To Bill Polian and the Colts, 2010 NFL Draft Much More Than No. 31 Overall Selection
INDIANAPOLIS – Without question, Bill Polian said Thursday matters.
Polian, entering his 13th season as the Colts' president, on Thursday night for the 13th time will oversee the Colts' NFL Draft, and there is a chance that for the 11th time he will make for the Colts a selection in the first round.
There is, he said, also a chance the Colts will not select Thursday.
Polian said this week there is a chance – a very real chance – the Colts will trade the No. 31 overall selection in the 2010 NFL Draft to move down. Because only one round will be held Thursday, that would mean a selection-less first day for Indianapolis.
And Polian said that would be OK.
Polian, long considered one of the NFL's top talent evaluators and drafters, said while much of the pre-draft discussion among fans and media – the draft's "parallel universe," as he calls it – annually focuses on Round 1, there is in fact far more to the draft.
What happens after Thursday night? Well, Polian said, that's just as imant.
And maybe even more so.
"Every pick counts, whether it's No. 1 or the last supplemental pick in the seventh round," Polian said. "They all count and we want them to hopefully make a contribution to our squad."
The Colts will enter the 2010 NFL Draft – the first in the draft's 75-year history to begin in prime-time – with eight selections. That total includes their original selections in Rounds 1-5 and Round 7, as well as two compensatory selections in the seventh round.
The Colts traded their sixth round selection to the Eagles for the 2009 seventh-round selection they used on punter Pat McAfee.
And Polian said while much of the focus of the media and other analysts will be on Thursday's first round, Friday's second and third rounds are important, as are Rounds 4-7 Saturday.
Just as critical, Polian said, is the process of signing free agents after the draft.
"It's all about the entire process – not just the first round," Polian said. "I recognize that in the parallel universe, all the focus is on the first round, but that's not where our focus is. Our focus is actually greater on the lower rounds than it is on the first.
"The first-round process is not hard to sort out. It's the lower rounds that are really important because they are, by definition, harder to sort out."
Polian cited starters and contributors who have been selected in the fourth round or later, or who have been signed as collegiate free agents: center Jeff Saturday (free agent) left tackle Charlie Johnson (sixth round), wide receiver Pierre Garcon (sixth round), wide receiver Austin Collie (fourth round), tight end Jacob Tamme (fourth round), defensive tackle Eric Foster (free agent), safety Antoine Bethea (sixth round), safety Melvin Bullitt (free agent), cornerback Jacob Lacey (free agent), defensive end Keyunta Dawson (seventh round), outside linebacker Clint Session (fourth round) and defensive end Robert Mathis (fifth round).
Middle linebacker Gary Brackett, a starter since 2005, also was signed as a collegiate free agent.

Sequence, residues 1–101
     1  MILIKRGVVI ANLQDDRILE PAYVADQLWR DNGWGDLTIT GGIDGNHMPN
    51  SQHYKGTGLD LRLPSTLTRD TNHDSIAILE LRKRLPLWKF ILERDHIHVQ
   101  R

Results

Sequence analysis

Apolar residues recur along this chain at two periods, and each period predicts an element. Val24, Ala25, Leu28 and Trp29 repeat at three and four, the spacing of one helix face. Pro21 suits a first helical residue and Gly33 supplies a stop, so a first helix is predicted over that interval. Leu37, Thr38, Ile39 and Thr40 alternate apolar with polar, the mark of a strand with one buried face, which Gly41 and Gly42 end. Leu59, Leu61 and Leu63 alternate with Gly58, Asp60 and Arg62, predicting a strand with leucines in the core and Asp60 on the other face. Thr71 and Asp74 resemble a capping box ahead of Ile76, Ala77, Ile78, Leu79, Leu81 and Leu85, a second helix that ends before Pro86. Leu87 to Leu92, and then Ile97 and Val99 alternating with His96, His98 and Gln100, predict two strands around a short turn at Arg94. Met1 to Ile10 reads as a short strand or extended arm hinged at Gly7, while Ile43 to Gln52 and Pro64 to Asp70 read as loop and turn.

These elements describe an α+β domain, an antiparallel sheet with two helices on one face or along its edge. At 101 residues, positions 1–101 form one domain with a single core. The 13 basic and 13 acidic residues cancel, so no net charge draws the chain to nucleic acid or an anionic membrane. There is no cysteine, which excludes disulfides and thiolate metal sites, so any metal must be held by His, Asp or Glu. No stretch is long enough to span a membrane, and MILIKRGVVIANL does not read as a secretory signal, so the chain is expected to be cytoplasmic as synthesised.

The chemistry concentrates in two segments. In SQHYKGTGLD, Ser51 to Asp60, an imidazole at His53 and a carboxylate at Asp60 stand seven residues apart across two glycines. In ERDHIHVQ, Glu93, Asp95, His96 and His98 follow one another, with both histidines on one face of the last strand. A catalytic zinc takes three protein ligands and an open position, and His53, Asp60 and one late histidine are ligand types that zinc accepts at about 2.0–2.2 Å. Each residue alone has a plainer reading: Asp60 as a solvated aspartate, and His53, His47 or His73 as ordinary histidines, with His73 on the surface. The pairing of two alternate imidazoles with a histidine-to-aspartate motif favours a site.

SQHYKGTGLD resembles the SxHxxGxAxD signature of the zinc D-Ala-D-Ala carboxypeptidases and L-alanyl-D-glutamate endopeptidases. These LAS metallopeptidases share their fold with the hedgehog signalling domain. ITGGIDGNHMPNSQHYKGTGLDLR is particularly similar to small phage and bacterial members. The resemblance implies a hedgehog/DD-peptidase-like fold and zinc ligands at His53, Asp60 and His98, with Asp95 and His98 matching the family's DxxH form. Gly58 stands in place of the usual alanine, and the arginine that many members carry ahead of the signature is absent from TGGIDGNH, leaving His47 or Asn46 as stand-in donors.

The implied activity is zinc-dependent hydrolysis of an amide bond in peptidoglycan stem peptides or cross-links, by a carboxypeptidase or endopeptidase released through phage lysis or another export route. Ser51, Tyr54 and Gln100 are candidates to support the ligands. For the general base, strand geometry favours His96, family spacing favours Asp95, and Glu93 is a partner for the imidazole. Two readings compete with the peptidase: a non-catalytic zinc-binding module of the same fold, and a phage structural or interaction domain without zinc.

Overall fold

Obtaining such players, he said, is a process that involves far more than the weekend, or even a pre-draft process that includes All-Star games, the NFL Scouting Combine in February, Pro Days and private individual workouts.
"It's sort of business as usual," Polian said of draft weekend. "This is what we do. The preparation for this started last September 2 and for the scouts, last August 5. This is the culmination of a year's worth of work that we've worked very hard to get right.
"We do have a system that we follow, and that system has served us well over time."
That system, Polian often has said, is one in which perfection is not possible, and a team that is successful a few percentage points more often than not often is a perennial playoff team.
"It's not a science," Polian said. "It's an art. It's far more art than science. Judging human beings is not easy to do. You're going to make a lot of mistakes. Sometimes, it's bad luck because a guy gets injured and other times, you just, flat make a mistake in your evaluation. That happens. But if you make a mistake, I think it ought to be for the right reasons.
"That's what we try to do, is strive to make the picks for the right reasons."
And while the draft is more art than science, Polian said the final moments of the process take place in a professional, calm atmosphere, one without cheering, arguments or even much discussion. By the time the draft arrives, Polian said much of the work is done.
"You're in a position where you're doing what you do on an ongoing basis, so it's business as usual," Polian said. "There's some anticipation as you get closer to your pick because everyone's excited. You'd like the person that you like the best to be there, and you recognize that it's probably not possible.
"The pulse rate goes up then, but otherwise it's business as usual. There's very little conversation and never any cheering. Every once in a while, there's some chagrin if a player goes of the board, but we've always said, 'That's the way 'it is.'
"You're not going to get every one you like, so be prepared to make another pick. We hope that we've prepared in advance to make another pick, What we're going to try to do is cover every eventuality so we are prepared so there's little or no emotion and never any uncertainty or heated discussion or things of that nature."